My feelings towards mountains have matured over the years from fear to awe to love. I have enjoyed being around the Himalayas and the Alps,watching the peaks glow every morning and evening under the warm rays of the sun. However, the oneness that I felt at the feet of the Mystic Mountain -Mount Kailash in Tibet redefined my relationship with mountains unlocking the spiritual being within me. Growing up in a Hindu family in India, stories of Kailash where Lord Shiva (hindu God)resided were narrated by elders to keep the naughty, fidgety children mesmerised for a while. I was no different and often pleaded to Lord Shiva to grant me one visit to his abode and I would not ask for anything for the rest of my life. It so happened that my prayers were answered 3 decades later and am trying to live by the promise made years ago. After an energizing dip in Lake Manasarovar in the extreme cold; it was time for the Kailash Parikrama
Mount Kailash – Journey Begins Day 1
Mount Kailash (about 6600 metres) is a part of the Himalayan Range and is off immense spiritual significance to Hindus, Buddhists and Jains. This is a single block mountain perpetually covered in snow, with deep ridges on all sides which allows pilgrims to circumambulate the entire 42 kms on foot or pony back which is referred as “Kora” by the Buddhist and “Parikrama” by the Hindus. No one in living history has been able to scale the mountain as yet.We assembled at Tarboche in the morning to be assigned with helpers or pony’s for the long trek through a difficult terrain. The assignment is random and once assigned,you have to be with the helper for the rest of the journey.
I was quite oblivious of what was happening around, admiring the low clouds extending their blessings for the journey of a life time that lay ahead. The journey from Manasarovar to Tarboche after a night halt at Darchen (base camp for Kailash Kora) had been one of anticipation, one of eagerness and often restless, thinking about my Ist Kora (Circumambulation) around Kailash. We passed through the Yama Dwar just before Tarboche which is symbolic of our ability to leave behind our mortal inadequacies before receiving the highest blessing. We had to trek 12 km through the highs and lows of the mountain terrain to reach Deraphuk(16500 feet) for a night halt.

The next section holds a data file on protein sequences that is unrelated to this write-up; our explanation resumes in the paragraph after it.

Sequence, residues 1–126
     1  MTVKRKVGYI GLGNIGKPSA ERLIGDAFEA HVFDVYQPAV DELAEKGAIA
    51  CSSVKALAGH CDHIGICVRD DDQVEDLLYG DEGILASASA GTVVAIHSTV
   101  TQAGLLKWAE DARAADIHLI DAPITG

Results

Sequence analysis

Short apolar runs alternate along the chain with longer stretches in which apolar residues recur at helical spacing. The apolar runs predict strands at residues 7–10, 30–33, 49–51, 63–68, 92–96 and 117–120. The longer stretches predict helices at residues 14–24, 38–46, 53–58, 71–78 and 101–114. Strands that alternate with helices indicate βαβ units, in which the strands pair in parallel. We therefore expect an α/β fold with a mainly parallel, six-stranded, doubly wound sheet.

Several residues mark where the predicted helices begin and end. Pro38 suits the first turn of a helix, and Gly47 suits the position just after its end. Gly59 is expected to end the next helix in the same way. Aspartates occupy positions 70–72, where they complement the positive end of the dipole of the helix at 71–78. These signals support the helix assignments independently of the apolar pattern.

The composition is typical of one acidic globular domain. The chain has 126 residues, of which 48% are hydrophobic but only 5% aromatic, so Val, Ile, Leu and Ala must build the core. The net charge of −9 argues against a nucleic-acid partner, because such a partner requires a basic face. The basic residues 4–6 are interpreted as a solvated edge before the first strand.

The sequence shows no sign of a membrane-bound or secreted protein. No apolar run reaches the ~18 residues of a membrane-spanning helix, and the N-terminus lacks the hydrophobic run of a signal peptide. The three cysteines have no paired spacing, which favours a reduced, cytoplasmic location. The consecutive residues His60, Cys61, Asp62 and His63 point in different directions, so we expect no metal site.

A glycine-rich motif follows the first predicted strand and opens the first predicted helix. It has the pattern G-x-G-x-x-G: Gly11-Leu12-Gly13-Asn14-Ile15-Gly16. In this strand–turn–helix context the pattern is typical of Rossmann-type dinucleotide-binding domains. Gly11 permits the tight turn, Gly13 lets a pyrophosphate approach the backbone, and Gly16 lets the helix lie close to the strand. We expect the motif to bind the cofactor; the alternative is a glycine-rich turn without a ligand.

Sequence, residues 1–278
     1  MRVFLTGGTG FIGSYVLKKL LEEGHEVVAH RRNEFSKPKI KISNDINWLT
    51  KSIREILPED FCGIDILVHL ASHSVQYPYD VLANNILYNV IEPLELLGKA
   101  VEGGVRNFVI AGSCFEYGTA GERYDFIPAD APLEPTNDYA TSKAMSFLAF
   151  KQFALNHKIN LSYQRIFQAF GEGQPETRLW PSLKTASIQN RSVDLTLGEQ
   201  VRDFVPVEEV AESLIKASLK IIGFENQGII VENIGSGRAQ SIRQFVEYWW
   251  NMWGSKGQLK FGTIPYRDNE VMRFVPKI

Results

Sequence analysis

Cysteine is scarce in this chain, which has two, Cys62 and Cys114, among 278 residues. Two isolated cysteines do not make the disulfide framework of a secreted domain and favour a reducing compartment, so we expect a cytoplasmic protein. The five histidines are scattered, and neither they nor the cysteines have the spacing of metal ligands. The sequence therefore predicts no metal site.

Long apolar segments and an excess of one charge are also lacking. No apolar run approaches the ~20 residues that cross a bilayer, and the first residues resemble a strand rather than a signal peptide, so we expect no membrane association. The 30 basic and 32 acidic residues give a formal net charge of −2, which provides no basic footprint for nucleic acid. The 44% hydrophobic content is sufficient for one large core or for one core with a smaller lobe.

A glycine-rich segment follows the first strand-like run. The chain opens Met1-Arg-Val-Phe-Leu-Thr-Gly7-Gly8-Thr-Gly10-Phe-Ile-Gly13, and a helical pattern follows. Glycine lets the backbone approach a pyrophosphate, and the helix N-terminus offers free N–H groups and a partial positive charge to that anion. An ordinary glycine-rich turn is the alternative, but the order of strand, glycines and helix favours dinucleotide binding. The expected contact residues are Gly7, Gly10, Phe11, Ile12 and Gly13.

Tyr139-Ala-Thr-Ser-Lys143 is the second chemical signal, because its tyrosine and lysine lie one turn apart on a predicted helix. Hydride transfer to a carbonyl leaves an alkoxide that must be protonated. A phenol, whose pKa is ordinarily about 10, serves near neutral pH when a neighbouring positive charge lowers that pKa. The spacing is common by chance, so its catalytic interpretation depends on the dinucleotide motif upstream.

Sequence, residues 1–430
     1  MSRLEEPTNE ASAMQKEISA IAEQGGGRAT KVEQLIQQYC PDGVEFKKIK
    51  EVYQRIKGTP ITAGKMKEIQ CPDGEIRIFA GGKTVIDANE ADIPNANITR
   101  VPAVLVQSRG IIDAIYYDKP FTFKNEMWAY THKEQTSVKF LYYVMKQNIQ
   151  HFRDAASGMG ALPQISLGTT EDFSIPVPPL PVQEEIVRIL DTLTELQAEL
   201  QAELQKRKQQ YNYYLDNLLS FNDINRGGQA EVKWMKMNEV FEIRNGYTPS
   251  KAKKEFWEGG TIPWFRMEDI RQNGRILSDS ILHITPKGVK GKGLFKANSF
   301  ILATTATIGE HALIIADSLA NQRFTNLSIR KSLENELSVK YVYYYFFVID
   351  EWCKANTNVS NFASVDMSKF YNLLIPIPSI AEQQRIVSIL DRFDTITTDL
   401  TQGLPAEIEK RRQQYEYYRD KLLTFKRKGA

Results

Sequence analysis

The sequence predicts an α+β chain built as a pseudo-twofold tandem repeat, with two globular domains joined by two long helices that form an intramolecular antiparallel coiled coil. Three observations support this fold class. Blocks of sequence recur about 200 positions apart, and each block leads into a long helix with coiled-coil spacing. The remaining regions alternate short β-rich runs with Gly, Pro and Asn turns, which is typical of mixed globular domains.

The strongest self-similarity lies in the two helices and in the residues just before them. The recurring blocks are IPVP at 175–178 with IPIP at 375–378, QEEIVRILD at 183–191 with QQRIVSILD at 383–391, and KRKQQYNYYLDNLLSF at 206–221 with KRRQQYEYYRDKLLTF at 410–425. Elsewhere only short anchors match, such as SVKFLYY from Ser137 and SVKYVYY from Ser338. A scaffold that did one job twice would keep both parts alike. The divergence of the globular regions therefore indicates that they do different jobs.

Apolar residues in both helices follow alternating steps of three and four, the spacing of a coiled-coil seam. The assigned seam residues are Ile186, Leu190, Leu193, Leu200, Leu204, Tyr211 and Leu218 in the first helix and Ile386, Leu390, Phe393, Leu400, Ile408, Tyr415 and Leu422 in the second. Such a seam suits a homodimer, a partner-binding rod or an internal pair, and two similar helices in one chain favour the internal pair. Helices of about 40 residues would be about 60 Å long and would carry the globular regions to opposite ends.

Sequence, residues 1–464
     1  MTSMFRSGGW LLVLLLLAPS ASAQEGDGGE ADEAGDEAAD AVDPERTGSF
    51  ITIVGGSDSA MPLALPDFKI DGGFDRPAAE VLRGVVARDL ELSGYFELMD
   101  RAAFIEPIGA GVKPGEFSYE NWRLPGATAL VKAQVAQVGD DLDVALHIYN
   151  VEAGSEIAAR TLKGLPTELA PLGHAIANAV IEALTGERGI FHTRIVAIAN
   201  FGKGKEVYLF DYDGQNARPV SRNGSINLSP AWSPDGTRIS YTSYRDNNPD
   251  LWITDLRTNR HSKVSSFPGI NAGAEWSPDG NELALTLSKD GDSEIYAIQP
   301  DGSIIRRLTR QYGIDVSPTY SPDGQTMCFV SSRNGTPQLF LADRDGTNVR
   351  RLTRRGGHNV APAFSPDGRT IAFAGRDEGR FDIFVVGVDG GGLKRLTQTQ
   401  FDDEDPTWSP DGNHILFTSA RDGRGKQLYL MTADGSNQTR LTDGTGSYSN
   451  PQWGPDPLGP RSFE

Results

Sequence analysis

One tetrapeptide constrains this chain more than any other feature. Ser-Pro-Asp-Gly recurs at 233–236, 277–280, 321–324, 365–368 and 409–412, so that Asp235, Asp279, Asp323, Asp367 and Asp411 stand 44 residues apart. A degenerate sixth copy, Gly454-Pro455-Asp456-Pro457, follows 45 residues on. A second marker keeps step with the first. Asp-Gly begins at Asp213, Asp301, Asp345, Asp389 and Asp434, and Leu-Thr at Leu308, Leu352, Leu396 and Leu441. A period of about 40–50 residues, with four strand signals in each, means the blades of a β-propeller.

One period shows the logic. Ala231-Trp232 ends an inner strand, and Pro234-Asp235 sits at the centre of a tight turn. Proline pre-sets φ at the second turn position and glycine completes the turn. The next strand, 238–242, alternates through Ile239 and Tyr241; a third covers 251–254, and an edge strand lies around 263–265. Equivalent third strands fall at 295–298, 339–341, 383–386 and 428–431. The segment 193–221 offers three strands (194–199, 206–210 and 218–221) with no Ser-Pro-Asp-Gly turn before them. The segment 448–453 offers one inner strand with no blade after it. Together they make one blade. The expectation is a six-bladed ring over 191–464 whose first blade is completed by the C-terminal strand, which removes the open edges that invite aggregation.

As soon as our group was flagged off for the journey, I set out on foot with my helper along the Lam Chu River, negotiating stones, sometimes accidentally stepping on them, and generally looking around. I would often sit on a boulder to take a picture or two or simply chant “Om Mani Padme Hum” or “Shiv o Hum” marveling at nature’s creation and in gratitude for the locals who have been able guardians for them on earth.
After about 2 hours I took a short food stop, catching up with the group and chilling with the pristine pure stream water. I could feel the flow of water through my gut.
The next part of the journey was even better, often crossing makeshift, apparently robust but fragile looking bamboo bridges and sometimes stopping by to tie a Buddhist Prayer Flag. I could sense my feet were slowing down, wanting to pause every now and then. It was not mountain sickness, nor a bout of fatigue but a deep desire to relish every moment in the surrounding.
After walking another 2 hours in the divine surrounding, I could sight the North West Face of Mount Kailash. The snow covered peak appeared like a 5 hooded snake that is often seen with the images of Hindu Gods and is believed to be the ultimate protector. To me they are the symbols of our 5 senses ever so reminding us to maintain balance for a peaceful life. I stood there mesmerised, remembering my grand mother’s stories of Kailash and my own childhood whispers with moist eyes!! Finally, I was at the feet of the mighty Mount Kailash.
Though, I had imagined that Lord Shiva will be waiting there to welcome me into his abode in Mount Kailash, the people around the guest house, the cooks and sherpas accompanying our group were his able messengers taking care of our every need just as he would do. There was more to come the following day and I retired in my restful place after a hot bowl of delicious soup between the warm clean sheets, contemplating and attempting to journey inward in silence.
More about my time spent at the feet of the mystic mountain in the next part.